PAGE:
For fans of old-style stories.


From the Princess Juniper series , Vol. 3

Having ruled a community of children for a month, a princess heads home to free her kingdom from enemy invaders.

When Princess Juniper received a “brand-new, all-kids country” for her 13th birthday (Princess Juniper of the Hourglass, 2015), she created a romantic valley settlement for her 13 subjects; encountering the Anju, the reclusive, tribal culture of her late mother, she befriended them (Princess Juniper of the Anju, 2016). Now her father’s been overthrown by enemies back at the real castle, so she plots “How to Overthrow a Palace When You Are Understaffed, Underarmed, and Underaged.” Juniper’s team—including a deaf spy who lip-reads implausibly well but also signs and uses a patch of dark fabric stuck to her arm for writing on with chalk—haunts the castle’s hidden hallways and causes “little pranks and mischiefs” until they can manage a true upheaval. Twists and traitors abound, but between luxurious details (foods; a bone-handled comb always in Juniper’s sleeve) and Paquette’s playful diction (“spizzerinctum”; “curiously curious”; “Ruffians we have aplenty”), the vibe is “energetic mayhem” or “showtime!”—never scary. The narrative pace meanders a bit; the appeal is situation and intent more than action. The Anju have only a small role, though it’s still highly problematic for an indigenous-coded group to be at Juniper’s beck and call, even with their blood connection. Everyone besides mixed-race Juniper and the Anju is white.

For fans of old-style stories. (map, cast of characters) (Fantasy. 8-11)

Pub Date: June 6, 2017

ISBN: 978-0-399-17153-6

Page Count: 256

Publisher: Philomel

Review Posted Online: March 29, 2017

Kirkus Reviews Issue: April 15, 2017

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Dizzyingly silly.


From the Captain Underpants series , Vol. 11

The famous superhero returns to fight another villain with all the trademark wit and humor the series is known for.

Despite the title, Captain Underpants is bizarrely absent from most of this adventure. His school-age companions, George and Harold, maintain most of the spotlight. The creative chums fool around with time travel and several wacky inventions before coming upon the evil Turbo Toilet 2000, making its return for vengeance after sitting out a few of the previous books. When the good Captain shows up to save the day, he brings with him dynamic action and wordplay that meet the series’ standards. The Captain Underpants saga maintains its charm even into this, the 11th volume. The epic is filled to the brim with sight gags, toilet humor, flip-o-ramas and anarchic glee. Holding all this nonsense together is the author’s good-natured sense of harmless fun. The humor is never gross or over-the-top, just loud and innocuous. Adults may roll their eyes here and there, but youngsters will eat this up just as quickly as they devoured every other Underpants episode.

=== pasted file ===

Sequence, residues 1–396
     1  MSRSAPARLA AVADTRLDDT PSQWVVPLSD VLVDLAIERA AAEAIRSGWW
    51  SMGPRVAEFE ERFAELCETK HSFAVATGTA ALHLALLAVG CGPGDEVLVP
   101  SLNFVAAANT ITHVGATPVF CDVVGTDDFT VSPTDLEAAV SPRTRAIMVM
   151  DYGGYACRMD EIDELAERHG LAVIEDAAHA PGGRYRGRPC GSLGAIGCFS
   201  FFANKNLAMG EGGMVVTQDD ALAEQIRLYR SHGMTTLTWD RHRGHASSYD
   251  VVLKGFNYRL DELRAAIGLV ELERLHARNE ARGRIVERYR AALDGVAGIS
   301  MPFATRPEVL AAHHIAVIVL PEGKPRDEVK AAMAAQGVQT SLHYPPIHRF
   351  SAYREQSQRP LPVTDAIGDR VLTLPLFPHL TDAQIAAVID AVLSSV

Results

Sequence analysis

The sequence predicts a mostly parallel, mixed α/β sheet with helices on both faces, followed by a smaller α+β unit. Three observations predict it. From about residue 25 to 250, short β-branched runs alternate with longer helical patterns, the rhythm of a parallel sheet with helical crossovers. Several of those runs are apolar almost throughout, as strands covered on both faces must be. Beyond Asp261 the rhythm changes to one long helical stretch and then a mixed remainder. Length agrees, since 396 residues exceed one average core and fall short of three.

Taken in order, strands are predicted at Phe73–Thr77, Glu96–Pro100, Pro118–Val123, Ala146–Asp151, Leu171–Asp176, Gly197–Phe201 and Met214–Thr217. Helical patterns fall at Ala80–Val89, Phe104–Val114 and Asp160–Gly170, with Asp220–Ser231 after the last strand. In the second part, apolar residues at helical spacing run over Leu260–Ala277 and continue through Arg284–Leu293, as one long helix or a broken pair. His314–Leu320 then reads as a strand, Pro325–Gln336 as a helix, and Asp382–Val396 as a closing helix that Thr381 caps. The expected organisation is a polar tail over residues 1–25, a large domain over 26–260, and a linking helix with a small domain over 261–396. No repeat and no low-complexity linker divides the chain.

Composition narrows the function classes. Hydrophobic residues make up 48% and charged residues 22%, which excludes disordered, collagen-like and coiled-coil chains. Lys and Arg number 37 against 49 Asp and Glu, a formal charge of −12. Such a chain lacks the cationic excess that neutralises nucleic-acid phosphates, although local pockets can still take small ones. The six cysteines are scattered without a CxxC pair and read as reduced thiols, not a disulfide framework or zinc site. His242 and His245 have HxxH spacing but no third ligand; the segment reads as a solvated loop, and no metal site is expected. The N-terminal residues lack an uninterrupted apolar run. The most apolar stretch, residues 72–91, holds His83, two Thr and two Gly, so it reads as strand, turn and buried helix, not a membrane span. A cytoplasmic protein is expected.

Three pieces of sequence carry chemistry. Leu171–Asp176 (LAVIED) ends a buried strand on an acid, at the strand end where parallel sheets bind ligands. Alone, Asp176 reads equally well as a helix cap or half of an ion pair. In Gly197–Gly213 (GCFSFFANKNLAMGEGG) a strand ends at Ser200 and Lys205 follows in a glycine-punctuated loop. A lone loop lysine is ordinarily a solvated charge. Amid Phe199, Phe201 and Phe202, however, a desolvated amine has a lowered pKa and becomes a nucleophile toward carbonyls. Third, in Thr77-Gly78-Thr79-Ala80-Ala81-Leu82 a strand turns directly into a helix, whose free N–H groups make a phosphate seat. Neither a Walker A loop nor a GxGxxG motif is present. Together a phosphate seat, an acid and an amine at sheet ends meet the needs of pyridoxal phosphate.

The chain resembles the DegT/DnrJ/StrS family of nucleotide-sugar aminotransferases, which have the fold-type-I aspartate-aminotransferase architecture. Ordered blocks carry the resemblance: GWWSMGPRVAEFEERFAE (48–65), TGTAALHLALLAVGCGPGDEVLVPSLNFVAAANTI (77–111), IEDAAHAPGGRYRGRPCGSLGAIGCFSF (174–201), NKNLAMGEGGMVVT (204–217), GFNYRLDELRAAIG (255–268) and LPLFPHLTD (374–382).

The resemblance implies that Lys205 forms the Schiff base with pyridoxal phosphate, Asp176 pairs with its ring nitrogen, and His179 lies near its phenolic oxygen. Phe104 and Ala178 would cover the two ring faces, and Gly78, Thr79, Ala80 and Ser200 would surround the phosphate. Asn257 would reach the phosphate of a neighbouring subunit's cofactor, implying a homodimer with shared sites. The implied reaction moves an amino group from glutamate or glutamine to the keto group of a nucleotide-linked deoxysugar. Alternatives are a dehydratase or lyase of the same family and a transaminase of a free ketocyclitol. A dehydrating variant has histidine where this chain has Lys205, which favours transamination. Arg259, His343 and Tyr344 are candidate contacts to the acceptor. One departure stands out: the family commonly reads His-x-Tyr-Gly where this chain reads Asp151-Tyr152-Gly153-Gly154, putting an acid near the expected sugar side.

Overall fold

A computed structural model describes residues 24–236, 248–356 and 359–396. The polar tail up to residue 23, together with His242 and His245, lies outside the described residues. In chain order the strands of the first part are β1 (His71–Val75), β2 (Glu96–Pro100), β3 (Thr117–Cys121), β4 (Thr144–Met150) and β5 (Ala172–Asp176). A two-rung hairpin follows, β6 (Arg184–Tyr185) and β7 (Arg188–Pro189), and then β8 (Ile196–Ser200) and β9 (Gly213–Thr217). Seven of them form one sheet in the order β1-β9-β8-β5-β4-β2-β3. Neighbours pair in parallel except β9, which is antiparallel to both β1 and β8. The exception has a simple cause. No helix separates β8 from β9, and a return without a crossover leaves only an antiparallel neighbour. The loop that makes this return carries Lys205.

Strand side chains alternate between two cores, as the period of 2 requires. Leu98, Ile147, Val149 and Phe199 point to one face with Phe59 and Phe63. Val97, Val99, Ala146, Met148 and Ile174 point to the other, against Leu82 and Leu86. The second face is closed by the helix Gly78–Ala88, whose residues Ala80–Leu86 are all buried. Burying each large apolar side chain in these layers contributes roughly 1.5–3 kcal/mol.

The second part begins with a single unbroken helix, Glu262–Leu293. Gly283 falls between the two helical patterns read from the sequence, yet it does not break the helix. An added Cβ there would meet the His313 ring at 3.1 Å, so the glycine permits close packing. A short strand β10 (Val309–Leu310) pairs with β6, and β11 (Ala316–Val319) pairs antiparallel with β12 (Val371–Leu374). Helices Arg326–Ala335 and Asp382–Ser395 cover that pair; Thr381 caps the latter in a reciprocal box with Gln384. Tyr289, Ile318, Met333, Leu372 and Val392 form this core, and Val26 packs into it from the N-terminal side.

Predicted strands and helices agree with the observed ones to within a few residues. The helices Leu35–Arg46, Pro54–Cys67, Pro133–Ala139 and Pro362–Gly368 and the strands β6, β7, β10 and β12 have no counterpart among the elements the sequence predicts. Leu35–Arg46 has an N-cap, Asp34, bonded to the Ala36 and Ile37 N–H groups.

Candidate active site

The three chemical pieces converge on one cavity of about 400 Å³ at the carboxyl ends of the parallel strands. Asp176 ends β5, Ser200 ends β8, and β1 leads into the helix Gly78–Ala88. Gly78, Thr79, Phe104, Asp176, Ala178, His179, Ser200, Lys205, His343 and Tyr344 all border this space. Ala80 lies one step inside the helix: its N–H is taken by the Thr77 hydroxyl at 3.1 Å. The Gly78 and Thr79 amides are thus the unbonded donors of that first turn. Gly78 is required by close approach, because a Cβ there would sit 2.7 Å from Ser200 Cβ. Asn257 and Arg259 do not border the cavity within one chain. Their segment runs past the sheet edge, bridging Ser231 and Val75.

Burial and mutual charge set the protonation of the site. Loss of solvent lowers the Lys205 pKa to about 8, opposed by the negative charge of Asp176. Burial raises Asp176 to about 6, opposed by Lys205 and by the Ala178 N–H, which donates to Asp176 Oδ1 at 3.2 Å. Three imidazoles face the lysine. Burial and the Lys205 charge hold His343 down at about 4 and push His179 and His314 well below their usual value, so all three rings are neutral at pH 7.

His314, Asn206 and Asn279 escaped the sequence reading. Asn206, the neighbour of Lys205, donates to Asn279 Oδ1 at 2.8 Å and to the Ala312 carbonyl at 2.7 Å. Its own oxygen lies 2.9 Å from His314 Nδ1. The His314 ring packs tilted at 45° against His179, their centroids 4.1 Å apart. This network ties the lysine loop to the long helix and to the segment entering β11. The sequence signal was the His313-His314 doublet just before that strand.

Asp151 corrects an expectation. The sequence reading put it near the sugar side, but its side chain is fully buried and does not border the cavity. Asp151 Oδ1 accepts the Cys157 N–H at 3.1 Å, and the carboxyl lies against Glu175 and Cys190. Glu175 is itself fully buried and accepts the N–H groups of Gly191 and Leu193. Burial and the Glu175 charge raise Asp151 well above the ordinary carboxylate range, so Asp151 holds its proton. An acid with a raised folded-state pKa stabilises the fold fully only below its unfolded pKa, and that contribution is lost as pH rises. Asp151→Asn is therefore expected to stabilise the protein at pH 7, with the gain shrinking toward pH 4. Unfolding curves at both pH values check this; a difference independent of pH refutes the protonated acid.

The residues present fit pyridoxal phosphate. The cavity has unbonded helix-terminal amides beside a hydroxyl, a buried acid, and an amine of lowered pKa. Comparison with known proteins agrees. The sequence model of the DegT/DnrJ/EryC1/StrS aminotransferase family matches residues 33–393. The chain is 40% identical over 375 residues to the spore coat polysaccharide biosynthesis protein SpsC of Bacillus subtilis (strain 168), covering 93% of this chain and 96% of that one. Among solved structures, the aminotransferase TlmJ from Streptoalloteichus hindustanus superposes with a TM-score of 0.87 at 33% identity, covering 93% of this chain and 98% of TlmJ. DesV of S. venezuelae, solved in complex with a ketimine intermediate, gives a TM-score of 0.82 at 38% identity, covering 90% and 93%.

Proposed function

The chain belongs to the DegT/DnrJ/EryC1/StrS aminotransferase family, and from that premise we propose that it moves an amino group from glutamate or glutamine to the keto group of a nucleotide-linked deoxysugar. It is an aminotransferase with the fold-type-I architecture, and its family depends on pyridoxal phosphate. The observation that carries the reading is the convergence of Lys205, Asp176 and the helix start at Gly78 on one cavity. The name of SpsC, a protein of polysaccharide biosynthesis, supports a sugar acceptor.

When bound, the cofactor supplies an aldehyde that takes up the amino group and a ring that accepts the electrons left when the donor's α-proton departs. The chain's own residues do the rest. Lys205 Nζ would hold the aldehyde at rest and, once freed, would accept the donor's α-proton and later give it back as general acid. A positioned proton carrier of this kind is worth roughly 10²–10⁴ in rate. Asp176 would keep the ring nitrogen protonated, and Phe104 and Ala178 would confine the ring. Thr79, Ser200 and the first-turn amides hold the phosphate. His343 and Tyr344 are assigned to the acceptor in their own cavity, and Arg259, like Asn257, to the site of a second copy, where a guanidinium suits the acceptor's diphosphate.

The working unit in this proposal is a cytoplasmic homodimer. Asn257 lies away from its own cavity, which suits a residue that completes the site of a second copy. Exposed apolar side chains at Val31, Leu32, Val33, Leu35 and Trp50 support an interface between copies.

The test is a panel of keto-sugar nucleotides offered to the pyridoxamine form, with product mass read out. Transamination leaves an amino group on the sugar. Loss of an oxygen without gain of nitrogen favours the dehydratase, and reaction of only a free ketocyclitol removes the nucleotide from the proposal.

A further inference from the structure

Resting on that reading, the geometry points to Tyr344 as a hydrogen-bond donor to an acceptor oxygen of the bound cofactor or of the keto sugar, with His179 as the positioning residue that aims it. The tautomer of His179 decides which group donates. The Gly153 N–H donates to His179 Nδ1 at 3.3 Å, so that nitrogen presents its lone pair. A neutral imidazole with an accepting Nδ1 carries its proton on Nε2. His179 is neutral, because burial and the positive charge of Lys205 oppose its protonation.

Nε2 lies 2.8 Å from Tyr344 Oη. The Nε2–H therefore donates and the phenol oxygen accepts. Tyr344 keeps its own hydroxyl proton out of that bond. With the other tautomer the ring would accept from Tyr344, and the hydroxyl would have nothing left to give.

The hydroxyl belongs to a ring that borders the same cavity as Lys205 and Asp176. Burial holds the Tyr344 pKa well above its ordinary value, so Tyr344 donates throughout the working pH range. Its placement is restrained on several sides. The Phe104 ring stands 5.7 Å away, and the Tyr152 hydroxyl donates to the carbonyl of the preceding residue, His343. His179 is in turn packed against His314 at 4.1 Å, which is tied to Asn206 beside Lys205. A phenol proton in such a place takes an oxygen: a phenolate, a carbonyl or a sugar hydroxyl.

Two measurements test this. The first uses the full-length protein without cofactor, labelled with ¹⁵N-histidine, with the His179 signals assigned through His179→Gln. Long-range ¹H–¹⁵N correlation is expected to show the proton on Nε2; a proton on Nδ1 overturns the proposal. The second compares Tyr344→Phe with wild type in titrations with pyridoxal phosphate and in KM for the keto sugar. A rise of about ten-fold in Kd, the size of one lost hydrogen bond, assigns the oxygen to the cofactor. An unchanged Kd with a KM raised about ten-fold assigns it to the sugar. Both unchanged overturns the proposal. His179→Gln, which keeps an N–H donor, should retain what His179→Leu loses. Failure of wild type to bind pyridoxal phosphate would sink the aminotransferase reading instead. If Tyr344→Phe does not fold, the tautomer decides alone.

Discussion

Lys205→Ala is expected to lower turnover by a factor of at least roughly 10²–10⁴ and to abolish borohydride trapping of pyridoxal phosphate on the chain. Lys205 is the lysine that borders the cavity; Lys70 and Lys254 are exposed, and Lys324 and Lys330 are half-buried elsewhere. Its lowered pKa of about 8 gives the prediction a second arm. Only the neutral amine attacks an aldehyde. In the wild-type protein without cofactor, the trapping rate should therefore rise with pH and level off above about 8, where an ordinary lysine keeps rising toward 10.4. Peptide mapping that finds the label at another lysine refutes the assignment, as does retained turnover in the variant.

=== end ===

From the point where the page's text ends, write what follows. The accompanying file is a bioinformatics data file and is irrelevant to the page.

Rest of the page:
Dizzyingly silly. (Humor. 8-10)

Pub Date: Aug. 26, 2014

ISBN: 978-0-545-50490-4

Page Count: 224

Publisher: Scholastic

Review Posted Online: June 4, 2014

Kirkus Reviews Issue: June 15, 2014

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A smart, fresh take on an old favorite makes for a terrific series kickoff


From the Shelby Holmes series , Vol. 1

A modern Sherlock Holmes retelling brings an 11-year-old black John Watson into the sphere of know-it-all 9-year-old white detective Shelby Holmes.

John's an Army brat who's lived in four states already. Now, with his parents' divorce still fresh, the boy who's lived only on military bases must explore the wilds of Harlem. His new life in 221A Baker St. begins inauspiciously, as before he's even finished moving in, his frizzy-haired neighbor blows something up: "BOOM!" But John's great at making friends, and Shelby certainly seems like an interesting kid to know. Oddly loquacious, brusque, and extremely observant, Shelby's locally famous for solving mysteries. John’s swept up in her detecting when a wealthy, brown-skinned classmate enlists their help in the mysterious disappearance of her beloved show dog, Daisy. Whatever could have happened to the prizewinning Cavalier King Charles spaniel? Has she been swiped by a jealous competitor? Has Daisy’s trainer—mysteriously come into enough money to take a secret weekend in Cozumel—been placing bets against his own dog? Brisk pacing, likable characters, a few silly Holmes jokes ("I'm Petunia Cumberbatch," says Shelby while undercover), and a diverse neighborhood, carefully and realistically described by John, are ingredients for success.

A smart, fresh take on an old favorite makes for a terrific series kickoff . (Mystery. 9-11)

Pub Date: Sept. 6, 2016

ISBN: 978-1-68119-051-8

Page Count: 240

Publisher: Bloomsbury

Review Posted Online: June 22, 2016

Kirkus Reviews Issue: July 1, 2016

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